The parents of a student in Baltimore have sued the school district for not providing services under Section 504 of the federal Rehabilitation Act of 1973.
The parents of student D.L., who has ADHD and an anxiety disorder, enrolled their child in a private school several years ago. Then they requested an evaluation from the school district to see if their child was eligible for special education services.
Eventually, their lawsuit says, the city of Baltimore school district evaluated D.L. and found that he was eligible for 504 services, but not while attending a private school. When the parents filed an official complaint, the hearing officer agreed that D.L. couldn't get 504 services even if he or she was enrolled at both the private school and a public school. He had to be enrolled at a public school full time. That led to a lawsuit in 2010.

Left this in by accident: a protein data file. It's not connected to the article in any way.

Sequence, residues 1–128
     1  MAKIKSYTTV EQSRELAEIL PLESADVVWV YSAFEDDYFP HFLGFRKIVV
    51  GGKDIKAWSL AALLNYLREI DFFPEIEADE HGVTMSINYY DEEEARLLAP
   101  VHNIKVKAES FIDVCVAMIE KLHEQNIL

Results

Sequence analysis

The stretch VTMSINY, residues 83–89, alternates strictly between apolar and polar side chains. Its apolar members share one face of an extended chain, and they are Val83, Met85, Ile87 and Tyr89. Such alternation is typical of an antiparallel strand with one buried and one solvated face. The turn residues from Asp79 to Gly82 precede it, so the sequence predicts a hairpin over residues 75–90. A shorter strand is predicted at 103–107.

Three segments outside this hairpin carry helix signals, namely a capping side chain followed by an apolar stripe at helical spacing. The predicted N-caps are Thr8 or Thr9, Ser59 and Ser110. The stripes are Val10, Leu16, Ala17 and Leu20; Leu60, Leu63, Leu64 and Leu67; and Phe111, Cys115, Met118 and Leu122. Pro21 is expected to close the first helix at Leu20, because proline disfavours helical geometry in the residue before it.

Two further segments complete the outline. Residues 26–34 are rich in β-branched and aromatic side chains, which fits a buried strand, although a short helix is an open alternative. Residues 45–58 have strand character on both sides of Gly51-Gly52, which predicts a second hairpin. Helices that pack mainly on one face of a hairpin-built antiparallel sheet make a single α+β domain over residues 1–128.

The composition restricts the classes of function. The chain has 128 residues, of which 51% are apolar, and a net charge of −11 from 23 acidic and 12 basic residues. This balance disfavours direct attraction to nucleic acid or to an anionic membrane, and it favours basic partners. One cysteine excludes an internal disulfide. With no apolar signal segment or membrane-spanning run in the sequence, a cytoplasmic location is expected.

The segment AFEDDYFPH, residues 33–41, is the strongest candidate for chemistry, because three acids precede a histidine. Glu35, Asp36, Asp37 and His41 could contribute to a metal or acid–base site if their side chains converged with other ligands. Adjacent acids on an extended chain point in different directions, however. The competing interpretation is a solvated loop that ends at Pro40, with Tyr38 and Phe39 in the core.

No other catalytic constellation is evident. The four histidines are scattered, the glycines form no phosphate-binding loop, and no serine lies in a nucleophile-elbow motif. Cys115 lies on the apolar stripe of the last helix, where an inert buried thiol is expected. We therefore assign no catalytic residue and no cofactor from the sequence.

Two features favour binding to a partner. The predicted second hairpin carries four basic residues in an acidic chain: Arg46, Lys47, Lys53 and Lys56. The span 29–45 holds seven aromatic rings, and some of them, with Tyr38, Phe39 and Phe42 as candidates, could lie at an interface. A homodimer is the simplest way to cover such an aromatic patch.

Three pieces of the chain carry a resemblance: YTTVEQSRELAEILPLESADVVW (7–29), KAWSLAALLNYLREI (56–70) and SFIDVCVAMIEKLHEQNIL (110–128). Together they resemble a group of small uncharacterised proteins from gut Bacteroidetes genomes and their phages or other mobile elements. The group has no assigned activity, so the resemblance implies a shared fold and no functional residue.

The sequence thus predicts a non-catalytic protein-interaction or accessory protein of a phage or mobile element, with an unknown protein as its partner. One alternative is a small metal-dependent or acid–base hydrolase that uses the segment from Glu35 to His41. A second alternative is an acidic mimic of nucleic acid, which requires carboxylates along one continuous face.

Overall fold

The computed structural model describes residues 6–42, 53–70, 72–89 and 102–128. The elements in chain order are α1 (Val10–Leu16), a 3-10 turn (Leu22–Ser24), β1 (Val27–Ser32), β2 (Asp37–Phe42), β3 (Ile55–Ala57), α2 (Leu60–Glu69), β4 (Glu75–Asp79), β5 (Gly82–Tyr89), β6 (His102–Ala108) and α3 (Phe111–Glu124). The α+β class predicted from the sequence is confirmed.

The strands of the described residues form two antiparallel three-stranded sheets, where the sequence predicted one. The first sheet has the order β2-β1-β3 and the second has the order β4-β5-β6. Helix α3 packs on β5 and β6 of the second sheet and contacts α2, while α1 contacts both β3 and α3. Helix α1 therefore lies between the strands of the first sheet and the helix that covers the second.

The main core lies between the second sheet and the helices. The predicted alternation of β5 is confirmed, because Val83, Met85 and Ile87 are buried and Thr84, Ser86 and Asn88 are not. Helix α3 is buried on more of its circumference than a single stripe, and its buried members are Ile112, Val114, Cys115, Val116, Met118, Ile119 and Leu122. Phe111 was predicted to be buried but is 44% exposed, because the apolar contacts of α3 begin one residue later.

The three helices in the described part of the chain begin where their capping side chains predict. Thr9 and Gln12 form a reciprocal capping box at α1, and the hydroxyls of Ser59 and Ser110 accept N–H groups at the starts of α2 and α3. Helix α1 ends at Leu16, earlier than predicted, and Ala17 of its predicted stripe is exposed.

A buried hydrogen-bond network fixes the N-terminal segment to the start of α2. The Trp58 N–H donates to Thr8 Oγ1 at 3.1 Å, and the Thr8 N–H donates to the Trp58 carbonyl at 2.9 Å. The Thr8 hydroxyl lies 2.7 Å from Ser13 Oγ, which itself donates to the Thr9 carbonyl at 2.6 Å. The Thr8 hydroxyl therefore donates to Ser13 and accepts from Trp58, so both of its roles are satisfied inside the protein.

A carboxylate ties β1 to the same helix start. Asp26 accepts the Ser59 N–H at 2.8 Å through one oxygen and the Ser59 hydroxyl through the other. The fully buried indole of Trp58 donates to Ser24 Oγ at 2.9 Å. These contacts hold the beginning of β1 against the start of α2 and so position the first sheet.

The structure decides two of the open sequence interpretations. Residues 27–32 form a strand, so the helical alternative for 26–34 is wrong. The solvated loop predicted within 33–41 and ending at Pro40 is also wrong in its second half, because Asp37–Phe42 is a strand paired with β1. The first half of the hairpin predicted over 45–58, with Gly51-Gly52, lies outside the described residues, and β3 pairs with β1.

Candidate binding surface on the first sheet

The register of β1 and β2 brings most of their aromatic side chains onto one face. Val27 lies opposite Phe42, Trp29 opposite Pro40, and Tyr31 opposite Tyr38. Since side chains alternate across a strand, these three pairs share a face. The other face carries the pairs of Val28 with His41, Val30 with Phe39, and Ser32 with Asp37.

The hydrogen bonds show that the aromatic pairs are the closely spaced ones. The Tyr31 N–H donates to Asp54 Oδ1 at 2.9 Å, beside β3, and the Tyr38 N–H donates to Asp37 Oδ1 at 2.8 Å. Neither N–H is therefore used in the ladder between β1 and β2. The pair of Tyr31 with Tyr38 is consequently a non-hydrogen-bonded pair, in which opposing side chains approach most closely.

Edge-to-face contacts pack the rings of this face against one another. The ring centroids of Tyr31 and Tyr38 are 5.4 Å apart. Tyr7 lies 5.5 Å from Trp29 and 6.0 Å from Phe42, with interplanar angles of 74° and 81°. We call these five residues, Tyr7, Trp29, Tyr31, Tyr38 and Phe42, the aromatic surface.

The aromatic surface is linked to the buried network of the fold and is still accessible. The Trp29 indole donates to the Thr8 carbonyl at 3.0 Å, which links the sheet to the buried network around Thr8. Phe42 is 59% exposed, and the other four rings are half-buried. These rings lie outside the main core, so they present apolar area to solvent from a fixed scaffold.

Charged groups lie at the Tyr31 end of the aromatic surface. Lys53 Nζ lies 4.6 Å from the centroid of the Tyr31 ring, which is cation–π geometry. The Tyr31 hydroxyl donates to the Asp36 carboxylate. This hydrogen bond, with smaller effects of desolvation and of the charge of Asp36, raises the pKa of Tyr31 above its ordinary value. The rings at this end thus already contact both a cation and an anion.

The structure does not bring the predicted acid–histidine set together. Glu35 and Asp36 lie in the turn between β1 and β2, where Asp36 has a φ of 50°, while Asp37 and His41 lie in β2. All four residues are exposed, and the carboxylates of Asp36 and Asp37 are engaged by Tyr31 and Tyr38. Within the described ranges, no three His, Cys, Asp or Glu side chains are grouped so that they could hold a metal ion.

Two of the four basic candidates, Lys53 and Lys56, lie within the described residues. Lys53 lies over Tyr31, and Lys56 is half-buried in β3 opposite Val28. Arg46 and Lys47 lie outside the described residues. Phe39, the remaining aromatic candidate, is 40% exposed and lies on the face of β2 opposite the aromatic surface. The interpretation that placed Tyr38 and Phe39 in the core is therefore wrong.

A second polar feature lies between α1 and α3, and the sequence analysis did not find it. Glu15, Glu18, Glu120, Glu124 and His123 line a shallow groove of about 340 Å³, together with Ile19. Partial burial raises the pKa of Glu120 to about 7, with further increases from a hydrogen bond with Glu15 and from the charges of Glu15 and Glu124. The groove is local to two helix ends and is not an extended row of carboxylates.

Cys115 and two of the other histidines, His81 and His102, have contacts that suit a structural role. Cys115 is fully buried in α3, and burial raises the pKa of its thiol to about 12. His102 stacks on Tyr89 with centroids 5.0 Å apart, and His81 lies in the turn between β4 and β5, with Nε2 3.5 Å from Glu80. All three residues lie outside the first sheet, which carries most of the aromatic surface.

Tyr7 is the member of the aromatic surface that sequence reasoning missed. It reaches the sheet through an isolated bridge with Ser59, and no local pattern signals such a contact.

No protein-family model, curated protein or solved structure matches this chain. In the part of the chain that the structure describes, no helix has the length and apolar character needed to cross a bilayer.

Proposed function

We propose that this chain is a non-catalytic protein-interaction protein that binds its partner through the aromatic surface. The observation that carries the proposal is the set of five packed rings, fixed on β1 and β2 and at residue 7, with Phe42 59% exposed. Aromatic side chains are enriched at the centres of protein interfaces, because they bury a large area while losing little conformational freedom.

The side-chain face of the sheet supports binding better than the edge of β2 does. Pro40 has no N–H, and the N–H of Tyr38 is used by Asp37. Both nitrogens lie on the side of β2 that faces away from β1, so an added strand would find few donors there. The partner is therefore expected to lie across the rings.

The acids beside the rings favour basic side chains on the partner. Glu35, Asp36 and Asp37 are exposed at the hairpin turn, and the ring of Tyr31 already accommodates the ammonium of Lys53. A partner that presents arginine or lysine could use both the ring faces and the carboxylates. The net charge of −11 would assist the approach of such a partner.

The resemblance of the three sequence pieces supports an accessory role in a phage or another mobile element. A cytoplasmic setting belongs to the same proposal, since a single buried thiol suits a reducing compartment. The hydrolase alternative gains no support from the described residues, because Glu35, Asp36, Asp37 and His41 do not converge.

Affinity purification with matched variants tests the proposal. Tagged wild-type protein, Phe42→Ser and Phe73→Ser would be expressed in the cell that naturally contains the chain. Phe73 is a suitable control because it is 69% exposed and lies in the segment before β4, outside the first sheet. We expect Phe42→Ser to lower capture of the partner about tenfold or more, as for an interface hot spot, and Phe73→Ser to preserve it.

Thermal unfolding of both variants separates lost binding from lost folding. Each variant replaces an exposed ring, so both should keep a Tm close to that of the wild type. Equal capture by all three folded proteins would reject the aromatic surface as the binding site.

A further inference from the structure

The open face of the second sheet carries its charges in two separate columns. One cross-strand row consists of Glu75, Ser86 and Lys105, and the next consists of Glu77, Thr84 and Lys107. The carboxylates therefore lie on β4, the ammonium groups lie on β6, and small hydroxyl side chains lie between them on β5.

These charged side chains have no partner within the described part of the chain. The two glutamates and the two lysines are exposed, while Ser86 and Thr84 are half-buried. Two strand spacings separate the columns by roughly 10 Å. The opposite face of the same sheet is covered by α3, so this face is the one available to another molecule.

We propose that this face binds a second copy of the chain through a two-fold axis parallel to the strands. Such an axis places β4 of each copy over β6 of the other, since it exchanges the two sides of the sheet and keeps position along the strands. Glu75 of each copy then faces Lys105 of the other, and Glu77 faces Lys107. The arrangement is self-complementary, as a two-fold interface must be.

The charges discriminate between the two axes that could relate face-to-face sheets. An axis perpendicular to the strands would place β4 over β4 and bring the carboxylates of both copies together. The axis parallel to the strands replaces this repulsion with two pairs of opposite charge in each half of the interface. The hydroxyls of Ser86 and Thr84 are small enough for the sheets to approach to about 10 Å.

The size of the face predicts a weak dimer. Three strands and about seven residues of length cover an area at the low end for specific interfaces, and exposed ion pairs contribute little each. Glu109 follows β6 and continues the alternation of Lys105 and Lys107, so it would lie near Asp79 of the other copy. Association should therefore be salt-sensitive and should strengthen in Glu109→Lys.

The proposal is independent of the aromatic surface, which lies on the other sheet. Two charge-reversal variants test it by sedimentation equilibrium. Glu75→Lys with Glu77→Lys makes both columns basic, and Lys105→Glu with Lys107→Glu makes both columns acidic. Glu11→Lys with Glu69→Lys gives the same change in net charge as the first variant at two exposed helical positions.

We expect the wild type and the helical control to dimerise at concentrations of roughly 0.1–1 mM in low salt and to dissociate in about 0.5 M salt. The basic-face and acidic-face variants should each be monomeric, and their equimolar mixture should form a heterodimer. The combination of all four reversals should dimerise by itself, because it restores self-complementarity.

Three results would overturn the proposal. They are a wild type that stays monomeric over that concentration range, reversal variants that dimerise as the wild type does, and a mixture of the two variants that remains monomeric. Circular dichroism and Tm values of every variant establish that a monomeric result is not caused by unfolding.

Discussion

A U.S. District Court in Maryland upheld the school district's decision.
However, D.L.'s family appealed to the 4th District Court of Appeals last fall. And now the National School Boards Association and other groups are voicing their support for the district court's ruling.
"Congress did not intend through Section 504 for school districts to pay for students enrolled unilaterally in private schools by their parents," said NSBA's General Counsel Francisco M. Negrón Jr., in a statement. "The Fourth Circuit should not expand Section 504 to require public schools to fund the education of students in private schools beyond the parameters of the Individuals with Disabilities Education Act."
The NSBA is joined by the Maryland Association of Boards of Education and the Virginia School Boards Association.
read more of Nirvi Shah's On Special Education article HERE.